When I was in chiropractic school, I remember hearing a number of students and professors say that the head of the orthopedic department – I’ll call him Dr. Jones – was by far the most knowledgeable practitioner at our clinic. Many marveled at his understanding of the biomechanics of human movement and his wealth of experience in physical medicine and rehabilitation.
I strongly considered pursuing one of two or three coveted orthopedic residencies with Dr. Jones upon graduation, but decided instead to move to rural Alaska and run a clinic on my own.
During my first month in private practice, a patient with a complex history of back issues flew in from a neighbouring bush community seeking treatment. After thoroughly evaluating this patient, I knew that I could use conventional physiotherapy and joint mobilization to improve his condition, but I wondered what Dr. Jones would do, if he would recommend specific exercises that I hadn’t thought of.
Before the patient’s second visit, I found contact information for Dr. Jones, who had moved on to a prestigious medical institution. I left a message for him, not sure if he would remember me as a student, and to my surprise and gratitude, he called me back within a few hours.
I sensed he was in his car when he called, and it didn’t take more than a few sentences for me to realize that he was annoyed. In a measured tone that I’m sure took a lot of restraint, he told me that he didn’t have the time to educate me on how to care for my patients.
In the moment, as a 24-year old, I was a little stunned, hurt, even, that this highly respected doctor saw me as a nuisance. He was an elephant and I was an ant, not that he wanted to step on me – he simply didn’t know of my existence and had no desire to.
Twenty years have passed since that memorable phone call, and I now have enough life experience to better understand why Dr. Jones had no interest in helping me with my patient.
I would guess that Dr. Jones was under a lot of pressure as he headed a department at his new workplace. He was almost certainly working long hours helping his own patients. He was probably tired, driving home to be with his family. He had a mortgage to cover, car payments to make, children that he wanted to spend more time with, and I’m sure plenty of other stressors in his life. I couldn’t easily imagine any of these possibilities as a 24-year old – I was still living in a bubble that was held up by the idealistic belief that health care was all about helping individuals in need, and that financial, time, and other considerations should not be significant determinants of our ability to be helpful.
Having more life experience now, I have a lot of respect for Dr. Jones taking time to call me back. It’s a little embarrassing to think about how naive I was, how little I understood about the realities of other people’s lives. I attribute my naiveté to being brought up by immigrant parents who did their best but didn’t have the wherewithal to help me develop more emotional intelligence and general awareness of other people’s circumstances as I was growing up. Perhaps this is why I feel a oneness with anyone who feels that they graduated from the University of Countless Awkward Experiences, sometimes called the School of Hard Knocks.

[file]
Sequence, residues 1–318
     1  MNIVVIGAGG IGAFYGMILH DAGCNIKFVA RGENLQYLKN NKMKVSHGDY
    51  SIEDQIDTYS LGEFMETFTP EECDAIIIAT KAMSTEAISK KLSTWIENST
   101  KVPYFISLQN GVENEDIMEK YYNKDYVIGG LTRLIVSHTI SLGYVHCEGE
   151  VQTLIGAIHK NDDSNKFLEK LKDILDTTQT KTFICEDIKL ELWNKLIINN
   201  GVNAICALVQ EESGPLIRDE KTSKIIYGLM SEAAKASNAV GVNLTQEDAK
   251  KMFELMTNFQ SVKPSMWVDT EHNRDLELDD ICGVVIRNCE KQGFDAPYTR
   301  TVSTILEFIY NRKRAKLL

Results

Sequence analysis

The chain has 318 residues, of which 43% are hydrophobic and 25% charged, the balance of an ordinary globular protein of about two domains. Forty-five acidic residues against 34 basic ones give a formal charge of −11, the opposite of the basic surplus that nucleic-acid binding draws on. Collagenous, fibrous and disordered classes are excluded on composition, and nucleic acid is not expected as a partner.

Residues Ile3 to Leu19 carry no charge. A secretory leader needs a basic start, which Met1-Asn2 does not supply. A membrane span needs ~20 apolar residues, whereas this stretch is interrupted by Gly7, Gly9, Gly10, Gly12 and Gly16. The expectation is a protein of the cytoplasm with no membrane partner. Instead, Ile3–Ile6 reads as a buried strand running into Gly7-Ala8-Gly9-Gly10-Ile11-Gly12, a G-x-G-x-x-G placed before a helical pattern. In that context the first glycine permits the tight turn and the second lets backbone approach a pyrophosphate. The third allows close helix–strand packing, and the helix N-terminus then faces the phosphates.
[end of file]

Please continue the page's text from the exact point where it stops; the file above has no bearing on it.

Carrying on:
Getting back to my intended point, I give thanks for the endless opportunities that we have to share with and learn from each other through the world wide web. When I wanted to learn how to play “More than Words” on my guitar as an 18-year old, I had to find a music store that would sell me sheet music for twenty dollars. Today, I can learn “Hallelujah” by Leonard Cohen and even “Love Yourself” by Justin Bieber with a few clicks on my laptop.
I began this website in 2003 as a way of staying in touch with people all over the world who returned home after staying with me at our fasting clinic for weeks at a time. The idea was to offer ongoing support and encouragement to make health-enhancing choices, and to share new findings and resources as I continued to learn.
The internet has given me an opportunity that Dr. Jones didn’t have. I can spend a good portion of my time trying to be freely helpful to others – I am deeply grateful for this existence. Here and there, I receive messages and calls from practitioners who thank me for something that I have shared in a blog post or newsletter that was helpful to one of their patients. Such messages make for some of my best days, and strengthen my commitment to sharing all I can through this website.
I didn’t know it as a 24-year old, but feeling humiliated by Dr. Jones’s rejection shaped my future in a significant way. It was one of several experiences that opened my eyes to how much impact we can have on people we don’t even know if our intention is to make things a little better for a fellow person. This has become my why, my reason for living – I am hopeful that something I share will have a positive, lasting impact on someone out there, be it a sense of connection, improved health, anything that makes life better.
Our time here is so limited. Most of us have 30,000 days to live and about 80,000 hours to work before we are gone. How will we use our days and hours? I am no saint. I am just as flawed as the next person. But I would suggest that getting clear on our why, our main reason for being here is essential to experiencing lasting fulfillment and many good days ahead.